Biglaw, In-House Counsel, Partner Issues

Inside Straight: Don’t Be A Mentor!

I am not a mentor!

Never have been. Never will be. Don’t care to be.

I’m a lawyer. I’m a co-worker. In some cases, I may be a friend. But I’m not a mentor; I have no time for that crap.

When I was clerking (for the Honorable Dorothy W. Nelson of the United States Court of Appeals for the Ninth Circuit), my judge was (and remains) a delight. She was a warm, engaging person who treated everyone as an equal. She was living proof that you don’t have to give up on human kindness just because you’ve become powerful. She taught, by example, many lessons about work-life balance and the meaning of humanity.

But a mentor? They hadn’t invented the word “mentor” (at least with its current connotation) back in 1983. I don’t think Judge Nelson gave the idea a moment’s thought….

When I started work at Steinhart & Falconer in San Francisco in 1984, Neil Falconer wasn’t a mentor. He was a pain in the neck. He’d ask you to report on the results of your legal research, and you’d break into a sweat after 15 minutes of his questioning. You honestly believed that you’d read those cases and thought carefully about their implications; it quickly became clear that you hadn’t understood a thing. Many associates dreaded the thought of working for him; he was too smart and too demanding.

There was no way that guy was a mentor. All he did was teach me everything that mattered about being a lawyer. A “mentor”? He’d have had no use for that stuff.

From the time I arrived at Jones Day in Cleveland in 1989, until the time I moved on in 2009, I wasn’t a mentor. Summer associates occasionally asked about possible topics for their law review notes; if I had any stray thoughts kicking around that I’d never have time to write about, I might offer them up. Why not? I wasn’t going to use those ideas for anything. I sure wasn’t mentoring anyone.

When junior people wrote bad drafts of briefs, I’d sit down and explain what they’d done wrong and how they could improve things in the future. I wasn’t mentoring; I was mainly trying to make my life easier the next time around.

If I needed help with an article, I’d ask (competent) junior people to co-author things with me. That was just to get the work done; there was nothing charitable about it. (I confess that I’d always give my co-authors full co-authorship credit on the authors’ by-line. But that choice was driven by my sense of fundamental fairness; if you’d contributed significantly to the finished product, we shouldn’t relegate your name to a footnote thanking you for “research assistance.”)

If opportunities came up to let junior folks write articles, or give talks, or teach classes, or play a serious role in a piece of litigation, I’d naturally pass on those chances to people who seemed, to my eye, to deserve them. That’s minimal payback for the many chores those folks helped me with over the course of the decades.

If someone needed a recommendation, I’d provide an honest one. That’s neither mentoring nor helping people out; it’s just speaking the truth.

Being a “mentor”? Not for me.

“Mentoring” strikes me as analogous to “networking.” “Networking” means sucking up to people to curry undeserved favors. I don’t believe in it at all. I don’t object to joining a few organizations and then working with others to help those organizations achieve their goals. That’s okay. It’s just “networking” that I don’t like.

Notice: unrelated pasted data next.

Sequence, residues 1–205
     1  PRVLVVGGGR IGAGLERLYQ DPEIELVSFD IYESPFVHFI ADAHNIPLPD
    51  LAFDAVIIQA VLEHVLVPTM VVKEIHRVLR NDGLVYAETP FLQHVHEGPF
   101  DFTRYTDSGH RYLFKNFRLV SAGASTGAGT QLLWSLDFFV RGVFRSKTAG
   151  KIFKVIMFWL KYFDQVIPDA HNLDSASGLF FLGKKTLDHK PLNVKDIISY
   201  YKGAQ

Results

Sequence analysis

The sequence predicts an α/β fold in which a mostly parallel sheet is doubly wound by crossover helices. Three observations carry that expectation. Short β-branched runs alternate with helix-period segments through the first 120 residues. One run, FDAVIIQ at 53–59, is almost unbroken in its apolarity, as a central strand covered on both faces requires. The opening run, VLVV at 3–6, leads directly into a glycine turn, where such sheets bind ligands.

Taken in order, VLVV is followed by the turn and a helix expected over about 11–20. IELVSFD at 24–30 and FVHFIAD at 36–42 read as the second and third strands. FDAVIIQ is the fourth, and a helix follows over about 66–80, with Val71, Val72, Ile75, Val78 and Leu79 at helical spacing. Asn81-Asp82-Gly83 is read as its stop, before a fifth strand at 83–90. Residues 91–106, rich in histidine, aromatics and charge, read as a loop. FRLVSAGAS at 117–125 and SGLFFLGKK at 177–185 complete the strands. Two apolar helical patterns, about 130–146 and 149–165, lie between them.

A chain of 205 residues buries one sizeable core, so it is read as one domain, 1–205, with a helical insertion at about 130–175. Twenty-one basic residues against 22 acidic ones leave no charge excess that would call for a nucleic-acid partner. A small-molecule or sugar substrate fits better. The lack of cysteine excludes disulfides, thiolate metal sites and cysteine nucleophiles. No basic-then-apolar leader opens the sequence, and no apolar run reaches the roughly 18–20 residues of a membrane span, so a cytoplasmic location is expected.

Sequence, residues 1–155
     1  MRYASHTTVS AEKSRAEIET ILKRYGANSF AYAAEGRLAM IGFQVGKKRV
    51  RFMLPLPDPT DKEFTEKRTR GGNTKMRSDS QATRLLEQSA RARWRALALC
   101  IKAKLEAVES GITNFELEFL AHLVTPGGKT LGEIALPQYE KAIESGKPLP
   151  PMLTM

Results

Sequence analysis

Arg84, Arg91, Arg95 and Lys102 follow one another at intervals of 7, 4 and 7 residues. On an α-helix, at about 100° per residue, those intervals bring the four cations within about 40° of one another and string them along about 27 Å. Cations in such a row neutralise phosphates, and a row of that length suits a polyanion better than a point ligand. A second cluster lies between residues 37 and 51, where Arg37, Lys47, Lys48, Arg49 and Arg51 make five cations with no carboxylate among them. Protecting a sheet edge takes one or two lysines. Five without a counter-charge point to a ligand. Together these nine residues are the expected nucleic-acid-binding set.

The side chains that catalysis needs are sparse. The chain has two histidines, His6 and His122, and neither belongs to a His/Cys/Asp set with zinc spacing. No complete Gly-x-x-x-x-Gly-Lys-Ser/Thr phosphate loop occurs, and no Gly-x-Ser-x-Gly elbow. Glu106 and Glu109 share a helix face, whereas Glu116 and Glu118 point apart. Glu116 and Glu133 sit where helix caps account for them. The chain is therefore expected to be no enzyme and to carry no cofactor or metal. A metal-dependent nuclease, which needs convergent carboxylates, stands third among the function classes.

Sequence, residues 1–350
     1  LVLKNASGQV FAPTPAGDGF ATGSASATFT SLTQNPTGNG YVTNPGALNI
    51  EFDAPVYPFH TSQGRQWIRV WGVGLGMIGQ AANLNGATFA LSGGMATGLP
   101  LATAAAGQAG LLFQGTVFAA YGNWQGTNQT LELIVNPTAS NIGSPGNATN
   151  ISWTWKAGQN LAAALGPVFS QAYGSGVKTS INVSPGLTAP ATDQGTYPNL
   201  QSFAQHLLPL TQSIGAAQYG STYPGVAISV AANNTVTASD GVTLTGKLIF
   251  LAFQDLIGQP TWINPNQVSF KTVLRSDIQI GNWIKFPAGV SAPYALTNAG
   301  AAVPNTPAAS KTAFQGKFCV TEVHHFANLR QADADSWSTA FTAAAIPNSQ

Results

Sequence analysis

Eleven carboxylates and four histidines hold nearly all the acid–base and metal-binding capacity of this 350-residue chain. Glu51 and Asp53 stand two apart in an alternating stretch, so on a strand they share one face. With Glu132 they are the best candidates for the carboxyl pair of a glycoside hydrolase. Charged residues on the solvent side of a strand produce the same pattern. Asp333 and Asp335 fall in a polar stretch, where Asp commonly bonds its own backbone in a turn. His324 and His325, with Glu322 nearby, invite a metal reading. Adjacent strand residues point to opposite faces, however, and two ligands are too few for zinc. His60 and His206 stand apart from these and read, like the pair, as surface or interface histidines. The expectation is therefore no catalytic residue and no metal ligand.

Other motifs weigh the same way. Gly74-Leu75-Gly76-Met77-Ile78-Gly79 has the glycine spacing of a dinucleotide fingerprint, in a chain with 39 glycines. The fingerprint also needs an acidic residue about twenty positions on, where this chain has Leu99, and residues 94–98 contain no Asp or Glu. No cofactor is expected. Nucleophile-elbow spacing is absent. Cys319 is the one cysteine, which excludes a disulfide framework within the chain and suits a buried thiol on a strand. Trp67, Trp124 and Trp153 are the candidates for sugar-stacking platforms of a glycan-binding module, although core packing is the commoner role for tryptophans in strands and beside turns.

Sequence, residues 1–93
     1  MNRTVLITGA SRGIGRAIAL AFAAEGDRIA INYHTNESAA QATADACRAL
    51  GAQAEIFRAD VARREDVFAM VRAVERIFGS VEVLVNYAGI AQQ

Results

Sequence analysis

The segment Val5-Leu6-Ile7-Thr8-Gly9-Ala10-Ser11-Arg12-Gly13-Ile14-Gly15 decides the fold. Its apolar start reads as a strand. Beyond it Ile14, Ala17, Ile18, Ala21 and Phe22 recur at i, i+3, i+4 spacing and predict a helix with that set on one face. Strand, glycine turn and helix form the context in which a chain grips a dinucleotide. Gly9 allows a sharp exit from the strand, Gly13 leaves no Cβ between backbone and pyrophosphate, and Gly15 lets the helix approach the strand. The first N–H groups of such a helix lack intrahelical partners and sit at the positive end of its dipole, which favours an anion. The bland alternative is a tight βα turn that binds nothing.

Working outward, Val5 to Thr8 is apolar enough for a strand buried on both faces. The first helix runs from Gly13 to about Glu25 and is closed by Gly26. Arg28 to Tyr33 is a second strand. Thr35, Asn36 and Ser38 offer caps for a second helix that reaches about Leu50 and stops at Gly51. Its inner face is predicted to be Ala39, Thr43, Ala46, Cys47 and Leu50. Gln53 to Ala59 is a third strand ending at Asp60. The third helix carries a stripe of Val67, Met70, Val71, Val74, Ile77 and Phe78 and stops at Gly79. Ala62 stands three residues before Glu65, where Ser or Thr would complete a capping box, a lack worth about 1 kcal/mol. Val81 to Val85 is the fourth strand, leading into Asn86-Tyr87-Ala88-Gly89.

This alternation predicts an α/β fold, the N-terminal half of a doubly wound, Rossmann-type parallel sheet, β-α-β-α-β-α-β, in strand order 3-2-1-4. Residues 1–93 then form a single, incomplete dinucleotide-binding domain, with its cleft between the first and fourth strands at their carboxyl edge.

So, too, with “mentoring.” Mentoring means that you go out of your way to help people. Bah, humbug! Who’s got time for that? Surely “mentoring” isn’t just working with colleagues in a way that makes sense. That’s just doing your job; it’s not mentoring.

So I was more than a little surprised several years ago when Richard Cordray — the guy who President Obama just nominated to head the new Consumer Financial Protection Bureau, after Elizabeth Warren was sent packing — wrote in a book review (page 5 of the pdf) about the “accumulated advice that [I’d] shared over the years” and said that I’d never spoken to him in a “high-handed way.” If anything like that ever happened, it was purely by accident. If that [then]-young pup wrote run-on sentences, I told him so. And I never minced words about it. Trust me.

And why is Sean Costello now saying in public (fourth photo in the “gallery”) that I was his “mentor”? I deny it; I was not his mentor. We just worked together on a few cases. If he made mistakes, I told him what they were. If he did something right, I told him so. And, because he was competent, I asked him to co-author an article or two with me. I sure didn’t mentor the guy.

I know the people who are mentors. I don’t like them. They walk around telling you about all the young lawyers they trained, and they regale you with stories about the many people who would be nothing if not for the mentor’s sage guidance. Then you ask the young lawyers about the mentor, and the young lawyers say: “He’s a disaster! You walk into his office, and he hands you a note to return a phone call. It turns out he just let our client’s default be taken, and he wants you to make the embarrassing phone call asking for relief.”

Don’t be a mentor!

Just be a decent human being who respects the feelings of others, and work collegially with people to achieve your common goals. That’s plenty. That’s really all there was before they invented the concept of “mentoring,” and it’s really all there’ll ever be.


Mark Herrmann is the Vice President and Chief Counsel – Litigation at Aon, the world’s leading provider of risk management services, insurance and reinsurance brokerage, and human capital and management consulting. He is the author of The Curmudgeon’s Guide to Practicing Law (affiliate link). You can reach him by email at inhouse@abovethelaw.com.

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